I call this project "Project 'Bout Fuckin' Time".  This project entails beating both a Legend of Zelda game and a Final Fantasy game.  Because I haven't done either of those yet.  Lined up to be knocked down are The Legend of Zelda: Link's Awakening DX and Final Fantasy IV.

Technically speaking I have a save in Link's Awakening DX that's on the eighth dungeon, but somehow I missed getting enough of the stupid seeds or acorns or whatever to get the second level sword.  So I'll be starting over from the beginning.  I'll also be playing it on my GameCube thanks to the Gameboy Player.

As far as Final Fantasy IV goes, when I got it along with Chrono Trigger in the PSX collection Final Fantasy Chronicles, I got it to the first save point, saved, and shut it off.  So there's still a lot of work to go there.  I really just bought the collection to get Chrono Trigger...

Also I have over a dozen games on Steam that I haven't even touched since getting them.  Not even joking.  Damn you, Humble Indie Bundle...

Friday, February 3, 2012

Small Bits of Food

I have a few food-related posts I want to do, but I don't really have a lot to say about each one.  So I decided to combine them all into this one post.

SuperPretzel Sofstix

These are small snack-size breadsticks with cheese stuffed inside.  The concept sounds great, after all, bread and cheese do go well together.

First disappointment: You don't get very many per package.  I think I got 12 or so.
Second disappointment: The directions.  They say to heat them in a 350°F oven for 5-6 minutes.  I preheated and popped them in for 6 minutes, then sampled one.  It still had cold spots.  To get them warm I had to double the stated cooking time.
Third disappointment: The bread tastes horrible.  The cheese is fine, but the bread just has a bad taste and outer texture.

Overall: Don't buy.  If you must, and you're preparing them in the oven, double the stated cooking time.

El Monterey Taquitos

I know I've posted in the past about switching to Jose Ole, but El Monterey is comparable in price and has a better variety of flavors.  I was specifically happy to find that Giant carried the steak ones as well as the chicken ones.  I was getting rather bored of chicken taquitos.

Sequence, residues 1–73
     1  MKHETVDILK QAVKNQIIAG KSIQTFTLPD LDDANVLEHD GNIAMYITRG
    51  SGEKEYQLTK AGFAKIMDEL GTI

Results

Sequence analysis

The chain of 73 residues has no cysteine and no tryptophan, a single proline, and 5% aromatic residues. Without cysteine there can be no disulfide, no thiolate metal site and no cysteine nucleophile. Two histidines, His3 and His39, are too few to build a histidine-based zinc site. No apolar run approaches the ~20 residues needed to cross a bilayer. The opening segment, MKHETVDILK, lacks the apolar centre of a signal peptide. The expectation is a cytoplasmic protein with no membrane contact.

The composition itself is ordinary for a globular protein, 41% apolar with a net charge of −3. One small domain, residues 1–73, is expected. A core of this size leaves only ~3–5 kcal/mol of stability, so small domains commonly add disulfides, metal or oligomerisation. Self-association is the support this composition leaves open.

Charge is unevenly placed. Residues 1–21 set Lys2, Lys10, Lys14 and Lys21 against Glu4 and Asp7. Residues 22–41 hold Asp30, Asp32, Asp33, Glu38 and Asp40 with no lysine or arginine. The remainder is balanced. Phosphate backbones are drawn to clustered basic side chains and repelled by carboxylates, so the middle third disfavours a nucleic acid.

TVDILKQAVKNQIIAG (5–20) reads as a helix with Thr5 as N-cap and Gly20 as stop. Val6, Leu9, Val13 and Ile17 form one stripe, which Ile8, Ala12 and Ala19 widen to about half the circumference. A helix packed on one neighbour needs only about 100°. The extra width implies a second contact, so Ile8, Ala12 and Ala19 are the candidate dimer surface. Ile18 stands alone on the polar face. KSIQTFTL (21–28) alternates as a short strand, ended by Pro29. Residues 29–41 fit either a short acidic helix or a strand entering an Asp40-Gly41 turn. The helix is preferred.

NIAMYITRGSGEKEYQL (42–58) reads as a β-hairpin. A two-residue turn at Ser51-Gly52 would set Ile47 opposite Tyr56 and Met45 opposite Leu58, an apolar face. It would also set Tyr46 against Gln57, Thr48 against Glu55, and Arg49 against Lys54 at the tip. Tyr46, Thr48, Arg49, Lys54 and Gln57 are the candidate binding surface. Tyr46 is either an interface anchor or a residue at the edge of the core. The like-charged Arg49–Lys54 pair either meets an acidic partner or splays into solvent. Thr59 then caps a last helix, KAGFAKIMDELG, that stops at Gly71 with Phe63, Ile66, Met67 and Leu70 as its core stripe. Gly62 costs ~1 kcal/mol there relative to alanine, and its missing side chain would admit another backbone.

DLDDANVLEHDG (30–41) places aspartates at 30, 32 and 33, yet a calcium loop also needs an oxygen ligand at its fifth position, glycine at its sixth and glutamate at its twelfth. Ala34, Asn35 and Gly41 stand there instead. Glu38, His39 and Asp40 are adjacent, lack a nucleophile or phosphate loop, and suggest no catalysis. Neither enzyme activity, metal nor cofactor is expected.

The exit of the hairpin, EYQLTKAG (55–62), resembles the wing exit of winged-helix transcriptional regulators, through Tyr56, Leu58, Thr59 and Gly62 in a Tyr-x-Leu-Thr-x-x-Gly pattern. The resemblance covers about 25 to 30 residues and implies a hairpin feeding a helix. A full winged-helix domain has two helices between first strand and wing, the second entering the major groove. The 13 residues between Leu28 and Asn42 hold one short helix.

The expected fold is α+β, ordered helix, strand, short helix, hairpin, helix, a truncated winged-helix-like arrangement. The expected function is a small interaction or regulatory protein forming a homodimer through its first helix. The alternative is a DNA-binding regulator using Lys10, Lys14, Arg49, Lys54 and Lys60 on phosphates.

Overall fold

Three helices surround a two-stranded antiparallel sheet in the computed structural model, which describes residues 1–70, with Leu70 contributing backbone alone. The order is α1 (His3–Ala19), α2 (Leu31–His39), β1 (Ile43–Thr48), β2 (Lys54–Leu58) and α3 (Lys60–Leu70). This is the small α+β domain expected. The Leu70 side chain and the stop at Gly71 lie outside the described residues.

Then on our usual post-meeting, post-dinner Wal-Mart trip with CAINE, I walked down their frozen aisle and saw that they carried two more flavors: Southwest Chicken, and Bacon, Egg, and Cheese.  I've had both and they're awesome.  I've had other El Monterey products before (their burritos/chimichangas) and to be honest they're all great.

The Southwest Chicken taquitos just might get me back into eating chicken taquitos.  I'd never thought about coating the outside of the taquito with something before, but these have seasoning on the outside and are quite delicious.

The Bacon, Egg, and Cheese taquitos are pretty good in their own right.  They're basically miniature open-ended breakfast burritos.

Overall: Great stuff.

Totino's Pizza Stuffers

Pretty much everyone should be familiar with Totino's Pizza Rolls.  Hell, I even found them at a Chinese buffet place a few years back, which sparked a whole thing about eating them with chopsticks.  Anyway.

I happened upon these at Wal-Mart and became hooked pretty much immediately.  The size is just right, the format is just right, and the texture is just right.  It's essentially portable pizza in a nice soft crust.  My only wish is that there were more in a box.

Overall: I'll go with the theme of the second sentence in the second paragraph.  Just right.

FarmRich Mini Bacon Cheeseburgers

You're probably familiar with White Castle's burgers and how small they are, right?  Well, guess what.  These are even smaller.  Which, oddly enough, makes for better snacking.

Rather than having a patty of ground beef, they have small balls of ground beef.  It contributes to the small size and overall snack-friendly form factor.  You can just toss a few in the oven and end up with a nice snack.  To top that off, you get around 20 in a package.  In other words, there's plenty of snacking to be had.

Overall: A great way to bring hamburgers into the realm of snack food.